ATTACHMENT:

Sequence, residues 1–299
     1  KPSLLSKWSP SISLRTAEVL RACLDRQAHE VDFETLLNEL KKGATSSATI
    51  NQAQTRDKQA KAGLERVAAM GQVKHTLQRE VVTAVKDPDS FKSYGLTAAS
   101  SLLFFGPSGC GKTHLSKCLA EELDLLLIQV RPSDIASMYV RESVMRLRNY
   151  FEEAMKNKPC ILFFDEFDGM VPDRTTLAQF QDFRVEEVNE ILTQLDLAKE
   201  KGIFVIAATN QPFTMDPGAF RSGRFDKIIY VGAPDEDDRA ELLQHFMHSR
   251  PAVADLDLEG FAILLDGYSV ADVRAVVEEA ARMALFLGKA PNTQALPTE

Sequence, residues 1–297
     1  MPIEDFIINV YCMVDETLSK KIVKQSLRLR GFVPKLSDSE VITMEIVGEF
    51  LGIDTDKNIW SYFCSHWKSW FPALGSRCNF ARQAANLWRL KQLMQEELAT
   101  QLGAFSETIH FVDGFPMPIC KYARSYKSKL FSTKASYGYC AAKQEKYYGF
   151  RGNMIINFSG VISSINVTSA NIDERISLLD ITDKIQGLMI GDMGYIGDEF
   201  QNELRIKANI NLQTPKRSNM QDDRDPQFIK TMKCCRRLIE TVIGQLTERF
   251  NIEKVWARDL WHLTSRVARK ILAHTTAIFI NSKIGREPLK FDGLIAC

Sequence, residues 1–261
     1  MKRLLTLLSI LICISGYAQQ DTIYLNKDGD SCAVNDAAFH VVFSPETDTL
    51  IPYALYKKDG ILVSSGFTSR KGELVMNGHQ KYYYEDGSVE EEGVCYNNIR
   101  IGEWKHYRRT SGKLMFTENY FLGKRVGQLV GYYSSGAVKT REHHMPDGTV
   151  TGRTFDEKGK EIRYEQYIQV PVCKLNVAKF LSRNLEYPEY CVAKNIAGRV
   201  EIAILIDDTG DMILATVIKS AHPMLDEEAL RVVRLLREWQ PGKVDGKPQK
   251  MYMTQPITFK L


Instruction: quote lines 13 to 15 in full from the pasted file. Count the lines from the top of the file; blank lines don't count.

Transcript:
   201  QNELRIKANI NLQTPKRSNM QDDRDPQFIK TMKCCRRLIE TVIGQLTERF
   251  NIEKVWARDL WHLTSRVARK ILAHTTAIFI NSKIGREPLK FDGLIAC

Sequence, residues 1–261